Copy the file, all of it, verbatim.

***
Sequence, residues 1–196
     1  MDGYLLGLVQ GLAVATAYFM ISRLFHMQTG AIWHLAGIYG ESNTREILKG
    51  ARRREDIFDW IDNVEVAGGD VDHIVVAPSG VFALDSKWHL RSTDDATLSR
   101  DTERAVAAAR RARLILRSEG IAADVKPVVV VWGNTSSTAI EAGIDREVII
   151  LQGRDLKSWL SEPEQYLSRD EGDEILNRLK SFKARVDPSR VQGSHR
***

Sequence, residues 1–196
     1  MDGYLLGLVQ GLAVATAYFM ISRLFHMQTG AIWHLAGIYG ESNTREILKG
    51  ARRREDIFDW IDNVEVAGGD VDHIVVAPSG VFALDSKWHL RSTDDATLSR
   101  DTERAVAAAR RARLILRSEG IAADVKPVVV VWGNTSSTAI EAGIDREVII
   151  LQGRDLKSWL SEPEQYLSRD EGDEILNRLK SFKARVDPSR VQGSHR